The narrator is not comparing or second guessing herself. She feels fortunate to be taking one day at a time. Clarkson herself is not alcoholic. Instead, she used alcoholism as a metaphor for the addictions each person faces. Three months and I'm still sober Picked all my weeds but kept the flowers But I know it's never really over. In this country song, a bunch of guys are sitting in a bar and they notice one of their own is enjoying a regular Coke.

They begin to tease him, asking him why he won't have a few drinks with them? What is wrong with them? But also, what's he doing in a bar? The guy explains that he cannot help himself; he doesn't stop at just one. One drink leads to 13, he explains, as well as to a lot of other unwanted behavior. The alcoholic narrator in this country song has found his bottom, so he takes his bottle of bourbon to the church and pours it out as an offering to God.

Tired of living this way, he asks for divine help to become the man he can be and to face the world without the crutch of alcohol. This hip hop song describes the morning after the party, when a woman once again wakes up alone.

She is half-clothed in a strange house, wondering what she did last night and who she upset this time. Through the shame, she's throwing up, ignoring her phone, and trying to compose herself to call in sick to work.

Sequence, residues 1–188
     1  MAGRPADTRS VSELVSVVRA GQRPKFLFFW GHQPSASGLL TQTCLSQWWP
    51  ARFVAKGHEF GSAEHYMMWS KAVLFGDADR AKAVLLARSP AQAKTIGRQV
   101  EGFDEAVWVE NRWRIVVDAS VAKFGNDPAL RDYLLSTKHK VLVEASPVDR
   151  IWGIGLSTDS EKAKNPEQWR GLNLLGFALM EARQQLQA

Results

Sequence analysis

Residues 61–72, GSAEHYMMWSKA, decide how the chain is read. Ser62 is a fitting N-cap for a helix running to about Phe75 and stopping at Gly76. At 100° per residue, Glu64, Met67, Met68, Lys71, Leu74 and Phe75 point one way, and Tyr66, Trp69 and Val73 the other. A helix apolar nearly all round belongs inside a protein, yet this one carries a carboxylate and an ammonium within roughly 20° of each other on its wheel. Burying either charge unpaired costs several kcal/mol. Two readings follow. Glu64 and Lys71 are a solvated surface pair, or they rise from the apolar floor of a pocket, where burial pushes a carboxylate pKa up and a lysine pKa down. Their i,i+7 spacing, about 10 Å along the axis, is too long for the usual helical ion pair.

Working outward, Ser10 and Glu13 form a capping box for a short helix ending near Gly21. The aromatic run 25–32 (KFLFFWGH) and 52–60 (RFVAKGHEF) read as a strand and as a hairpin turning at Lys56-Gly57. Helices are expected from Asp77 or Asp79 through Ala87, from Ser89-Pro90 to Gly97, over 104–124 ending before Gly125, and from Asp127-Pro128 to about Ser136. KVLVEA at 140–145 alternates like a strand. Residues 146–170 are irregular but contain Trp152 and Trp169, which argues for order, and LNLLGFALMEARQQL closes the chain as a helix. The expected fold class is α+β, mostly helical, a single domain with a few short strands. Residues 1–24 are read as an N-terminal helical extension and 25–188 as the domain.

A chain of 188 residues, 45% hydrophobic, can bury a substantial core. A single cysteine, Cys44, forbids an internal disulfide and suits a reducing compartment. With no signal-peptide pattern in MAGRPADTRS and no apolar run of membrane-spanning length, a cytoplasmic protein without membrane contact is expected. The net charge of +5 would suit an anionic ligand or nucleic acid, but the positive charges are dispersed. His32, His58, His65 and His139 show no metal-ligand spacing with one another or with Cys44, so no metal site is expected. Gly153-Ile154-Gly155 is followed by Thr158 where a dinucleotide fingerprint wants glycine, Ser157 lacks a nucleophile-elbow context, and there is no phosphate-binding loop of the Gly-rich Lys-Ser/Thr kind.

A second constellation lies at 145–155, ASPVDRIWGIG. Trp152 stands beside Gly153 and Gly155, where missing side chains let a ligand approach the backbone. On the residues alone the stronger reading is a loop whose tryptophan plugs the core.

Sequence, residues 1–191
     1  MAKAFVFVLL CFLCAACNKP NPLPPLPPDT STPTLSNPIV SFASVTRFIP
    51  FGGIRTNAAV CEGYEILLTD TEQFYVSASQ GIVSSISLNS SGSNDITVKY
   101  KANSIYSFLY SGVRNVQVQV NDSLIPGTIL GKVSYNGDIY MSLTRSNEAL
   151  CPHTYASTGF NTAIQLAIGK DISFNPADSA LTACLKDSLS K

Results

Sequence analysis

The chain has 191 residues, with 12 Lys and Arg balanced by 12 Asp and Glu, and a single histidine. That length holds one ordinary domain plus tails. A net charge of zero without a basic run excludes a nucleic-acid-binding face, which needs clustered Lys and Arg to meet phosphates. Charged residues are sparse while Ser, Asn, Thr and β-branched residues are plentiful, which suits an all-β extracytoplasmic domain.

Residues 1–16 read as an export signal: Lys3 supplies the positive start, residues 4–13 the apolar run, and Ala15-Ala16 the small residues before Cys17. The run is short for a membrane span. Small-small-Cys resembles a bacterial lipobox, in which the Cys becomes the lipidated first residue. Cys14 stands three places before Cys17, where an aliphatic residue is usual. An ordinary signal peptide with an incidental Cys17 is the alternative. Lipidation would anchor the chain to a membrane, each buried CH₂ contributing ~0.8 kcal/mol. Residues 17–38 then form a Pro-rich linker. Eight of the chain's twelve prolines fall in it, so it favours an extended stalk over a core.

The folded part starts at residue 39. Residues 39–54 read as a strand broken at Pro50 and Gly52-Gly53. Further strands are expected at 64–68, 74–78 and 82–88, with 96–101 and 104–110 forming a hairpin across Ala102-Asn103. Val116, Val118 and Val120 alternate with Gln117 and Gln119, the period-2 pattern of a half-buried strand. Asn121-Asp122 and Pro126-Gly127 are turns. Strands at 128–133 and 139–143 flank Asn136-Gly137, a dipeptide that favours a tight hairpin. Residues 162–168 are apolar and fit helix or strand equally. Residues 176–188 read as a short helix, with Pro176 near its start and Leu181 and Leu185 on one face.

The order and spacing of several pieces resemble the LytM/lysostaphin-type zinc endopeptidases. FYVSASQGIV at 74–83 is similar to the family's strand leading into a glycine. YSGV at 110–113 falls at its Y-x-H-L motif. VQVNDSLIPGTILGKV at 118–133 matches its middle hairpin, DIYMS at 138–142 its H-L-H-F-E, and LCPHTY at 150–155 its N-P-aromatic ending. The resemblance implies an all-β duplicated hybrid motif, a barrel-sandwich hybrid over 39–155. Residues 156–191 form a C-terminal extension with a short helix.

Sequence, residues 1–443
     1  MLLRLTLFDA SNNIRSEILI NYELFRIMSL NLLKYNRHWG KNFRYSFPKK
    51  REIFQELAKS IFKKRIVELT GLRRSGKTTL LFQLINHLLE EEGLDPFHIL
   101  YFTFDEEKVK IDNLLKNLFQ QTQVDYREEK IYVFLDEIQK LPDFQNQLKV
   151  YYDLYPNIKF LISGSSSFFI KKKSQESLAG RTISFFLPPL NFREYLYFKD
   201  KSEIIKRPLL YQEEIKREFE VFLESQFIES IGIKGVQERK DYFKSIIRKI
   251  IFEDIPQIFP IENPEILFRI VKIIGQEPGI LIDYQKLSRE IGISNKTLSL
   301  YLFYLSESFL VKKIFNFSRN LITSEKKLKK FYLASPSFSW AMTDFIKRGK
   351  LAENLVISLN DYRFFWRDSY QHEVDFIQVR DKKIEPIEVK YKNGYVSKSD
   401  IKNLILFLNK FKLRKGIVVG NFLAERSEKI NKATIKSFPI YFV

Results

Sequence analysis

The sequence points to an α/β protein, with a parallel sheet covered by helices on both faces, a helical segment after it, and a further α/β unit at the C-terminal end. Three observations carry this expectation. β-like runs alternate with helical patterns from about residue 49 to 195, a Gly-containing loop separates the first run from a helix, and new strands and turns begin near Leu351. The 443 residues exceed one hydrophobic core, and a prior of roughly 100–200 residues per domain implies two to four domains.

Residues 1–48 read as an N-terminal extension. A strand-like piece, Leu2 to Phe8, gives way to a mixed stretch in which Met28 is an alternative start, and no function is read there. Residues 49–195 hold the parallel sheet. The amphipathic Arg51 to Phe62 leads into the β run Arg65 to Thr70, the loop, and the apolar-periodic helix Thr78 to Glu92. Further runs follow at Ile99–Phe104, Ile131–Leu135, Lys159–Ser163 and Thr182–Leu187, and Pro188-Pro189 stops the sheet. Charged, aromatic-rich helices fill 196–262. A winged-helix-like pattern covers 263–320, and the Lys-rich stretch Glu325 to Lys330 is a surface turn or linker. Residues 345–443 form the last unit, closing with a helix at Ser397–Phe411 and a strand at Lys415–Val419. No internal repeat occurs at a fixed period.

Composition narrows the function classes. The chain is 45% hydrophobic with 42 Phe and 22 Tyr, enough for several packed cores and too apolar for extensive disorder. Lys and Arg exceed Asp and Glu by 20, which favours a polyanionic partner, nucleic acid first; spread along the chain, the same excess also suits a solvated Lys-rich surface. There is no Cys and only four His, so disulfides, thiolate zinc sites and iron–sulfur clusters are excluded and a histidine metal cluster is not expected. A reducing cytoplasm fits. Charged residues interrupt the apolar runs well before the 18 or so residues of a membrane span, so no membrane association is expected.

Told from the perspective of the son of an alcoholic, this song is a touching reminder that the children of an alcoholic are impacted tremendously by the disease. In the song, the young boy waits for his father to come home from work, but when he does, the man is drunk and passes out. Years later, when graduating from high school, the teenager sees his drunk father leave the auditorium before he even receives his diploma. The son vows never to put his own children through the trauma of what he experienced growing up as the child of an alcoholic.

This catchy rock song was written about an actual young woman named Jane who shared a house in Hollywood with a group of struggling musicians. She came from a well-to-do family, had a heroin habit and an abusive drug dealer boyfriend. As referred to in the song, she often talked about saving money to go to Europe. When she got angry, she'd take a swipe at one of her 12 or so other housemates.

When the tv or other items came up missing in the house, the roommates would blame it on "Jane's addiction," thus they named their group after her. The real Jane finally kicked her habit years later.

The narrator in this song sees drugs, booze, and toxic relationships for what they truly are: a form of slow suicide. Having previously suffered by his own hand, he realizes that life is short and precious, and he refuses to engage in self-destruction. I can't let this life pass me by In a blink of an eye it ends I can't let my tomorrows decide What I am in this life It's like committing slow suicide. There's a powerful message behind this song: You can change your self-destructive ways rather than seeking experiences like drugs that will put you in a coffin before your time.

Don't wait until it's too late to learn how to live. For all her weirdness, Lady Gaga actually has an impressive voice, and this love ballad demonstrates it.